2nd November 2018

renderedTransitional Feeding

Changing from another brand of food…

When changing across form another brand food – you will need to do this slowly and over the period of 2-7 days – known as the transition phase. ( change in diet may be made for many reasons including: age, life stage or special needs )

While many animals transition easily, some may have an adjustment period. This may include vomiting and Diarrhoea or loose stools.

Days 1-2  75% existing food and 25% new food

Days 3-4  50% existing food and 50% new food

Days 5-6  25% existing food and 75 % new food

Day   7     100 % new food

Causes of Diarrhoea or loose stools

Some animals experience diarrhea and loose stools for a few days when there is a change in diet, however Diarrhoea and loose stools can be caused by many factors other than a change in diet, and other potential causes should be reviewed before concluding that diet is the reason.

Unlike humans, who continually consume a variety of different foods, animals often spend multiple months or even years on a single diet. As a result, their system becomes used to processing a set  diet, and when something new is introduced their system can be slow to adjust.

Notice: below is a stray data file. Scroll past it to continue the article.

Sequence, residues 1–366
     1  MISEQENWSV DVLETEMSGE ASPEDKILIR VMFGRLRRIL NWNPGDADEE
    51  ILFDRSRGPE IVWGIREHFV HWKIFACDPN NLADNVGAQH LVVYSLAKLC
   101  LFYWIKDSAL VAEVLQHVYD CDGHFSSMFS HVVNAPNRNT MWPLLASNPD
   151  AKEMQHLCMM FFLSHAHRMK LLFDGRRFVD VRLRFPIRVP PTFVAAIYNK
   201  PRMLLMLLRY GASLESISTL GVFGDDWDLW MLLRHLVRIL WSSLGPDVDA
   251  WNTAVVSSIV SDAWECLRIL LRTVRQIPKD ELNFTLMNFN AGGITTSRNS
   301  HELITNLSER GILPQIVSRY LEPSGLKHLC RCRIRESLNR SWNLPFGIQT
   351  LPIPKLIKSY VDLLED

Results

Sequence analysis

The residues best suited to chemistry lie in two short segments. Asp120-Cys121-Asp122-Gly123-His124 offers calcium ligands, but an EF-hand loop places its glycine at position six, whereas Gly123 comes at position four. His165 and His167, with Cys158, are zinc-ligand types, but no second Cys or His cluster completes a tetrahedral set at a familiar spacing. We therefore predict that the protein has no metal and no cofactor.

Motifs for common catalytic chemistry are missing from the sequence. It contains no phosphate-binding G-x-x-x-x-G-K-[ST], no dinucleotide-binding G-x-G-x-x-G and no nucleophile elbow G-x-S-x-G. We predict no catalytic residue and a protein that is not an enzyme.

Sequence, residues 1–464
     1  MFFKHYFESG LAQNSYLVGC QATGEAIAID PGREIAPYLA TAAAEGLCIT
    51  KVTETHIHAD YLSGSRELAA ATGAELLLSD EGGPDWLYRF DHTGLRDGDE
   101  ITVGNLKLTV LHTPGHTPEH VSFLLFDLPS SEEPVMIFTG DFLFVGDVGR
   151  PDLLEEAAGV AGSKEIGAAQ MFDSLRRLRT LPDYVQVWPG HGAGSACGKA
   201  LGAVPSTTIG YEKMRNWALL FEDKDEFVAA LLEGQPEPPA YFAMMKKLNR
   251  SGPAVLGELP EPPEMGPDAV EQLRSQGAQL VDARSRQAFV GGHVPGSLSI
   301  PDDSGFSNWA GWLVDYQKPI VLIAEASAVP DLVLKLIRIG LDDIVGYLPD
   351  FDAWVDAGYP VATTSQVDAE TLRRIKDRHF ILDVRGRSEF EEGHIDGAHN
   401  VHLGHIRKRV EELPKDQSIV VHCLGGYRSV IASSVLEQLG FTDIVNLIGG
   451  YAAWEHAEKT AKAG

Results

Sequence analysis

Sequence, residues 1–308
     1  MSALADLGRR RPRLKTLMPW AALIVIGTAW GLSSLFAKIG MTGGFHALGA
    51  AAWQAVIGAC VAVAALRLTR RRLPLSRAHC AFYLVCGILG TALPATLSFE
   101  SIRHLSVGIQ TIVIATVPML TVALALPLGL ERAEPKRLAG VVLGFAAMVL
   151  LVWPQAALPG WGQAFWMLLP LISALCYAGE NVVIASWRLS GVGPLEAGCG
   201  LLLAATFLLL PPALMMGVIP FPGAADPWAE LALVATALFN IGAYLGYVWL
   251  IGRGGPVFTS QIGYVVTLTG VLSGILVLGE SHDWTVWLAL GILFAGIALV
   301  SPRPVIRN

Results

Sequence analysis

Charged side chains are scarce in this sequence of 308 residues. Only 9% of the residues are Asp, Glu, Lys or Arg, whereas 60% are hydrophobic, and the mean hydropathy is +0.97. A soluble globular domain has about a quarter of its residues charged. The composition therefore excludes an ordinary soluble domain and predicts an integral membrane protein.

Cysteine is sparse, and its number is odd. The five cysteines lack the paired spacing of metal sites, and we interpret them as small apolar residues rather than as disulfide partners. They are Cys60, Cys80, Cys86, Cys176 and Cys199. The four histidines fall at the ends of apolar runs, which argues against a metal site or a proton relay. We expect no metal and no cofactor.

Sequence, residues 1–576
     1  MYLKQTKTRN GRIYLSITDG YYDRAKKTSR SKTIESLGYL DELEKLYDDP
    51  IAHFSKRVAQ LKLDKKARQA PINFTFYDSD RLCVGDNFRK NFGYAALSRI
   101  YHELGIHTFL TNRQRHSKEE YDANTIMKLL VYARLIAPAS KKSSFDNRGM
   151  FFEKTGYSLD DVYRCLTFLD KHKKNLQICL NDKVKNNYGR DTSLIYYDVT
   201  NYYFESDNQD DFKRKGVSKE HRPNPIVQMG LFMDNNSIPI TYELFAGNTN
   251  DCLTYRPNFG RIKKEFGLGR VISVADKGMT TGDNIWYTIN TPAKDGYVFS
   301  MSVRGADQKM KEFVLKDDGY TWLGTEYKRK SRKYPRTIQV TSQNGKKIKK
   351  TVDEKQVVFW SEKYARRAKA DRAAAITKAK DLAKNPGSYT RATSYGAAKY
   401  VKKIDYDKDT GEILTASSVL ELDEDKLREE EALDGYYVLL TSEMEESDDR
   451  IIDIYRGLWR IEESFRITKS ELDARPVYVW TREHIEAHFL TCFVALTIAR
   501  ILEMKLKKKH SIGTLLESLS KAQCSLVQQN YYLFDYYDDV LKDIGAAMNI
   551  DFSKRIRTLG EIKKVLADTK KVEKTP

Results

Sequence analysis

Causes of vomiting

While vomiting is most often caused by other issues than a dietary change, sometimes it can come from the introduction of the new food. Often animals will ingest the new food very quickly and will not slow down to chew the food. This can generally be evaluated by seeing if there is  undigested food in the vomit.

Dogs vomit for a number of reasons; some are relatively insignificant, while others can be quite serious. If your dog’s vomiting is more than just an isolated incident, seek veterinary attention to rule out a critical health concern.

  • Small breeds and puppies/kittens should always visit a vet when vomiting as they can quickly become dehydrated
  • If they are lethargic, lose appetite or depressed
  • If they have vomiting 3 or more times in a 24 hour period – Remember, 3 strikes and you are out!
  • If they are continuing to vomit longer than a 24 hour period
  • If vomiting and diarrhoea are both occurring as the fluid losses quickly lead to dehydration


Your veterinarian may ask the following questions (so have the answers handy). 

How many times has he/she vomited?

  • Is there any diarrhoea? (check the backyard; you may also find more vomitus, or better still, evidence of things possibly ingested!)
  • A list of what has the dog eaten in the last 48 hours
  • Is he/she up to date with worming and tick medications?
  • Has there been any possible exposure to toxic substances, for example slug or snail bait, rat bait poison, or anything considered non-edible?
  • Is he/she a scavenger ie. likely to go through the bin, pick up odd things on walks etc.?
  • Have you noticed any weight loss? Your veterinarian may have a record of your dog’s last weight to compare to.
  • Are there any other symptoms? e.g. off food, lethargy (not as active as normal), not wanting to exercise, coughing.



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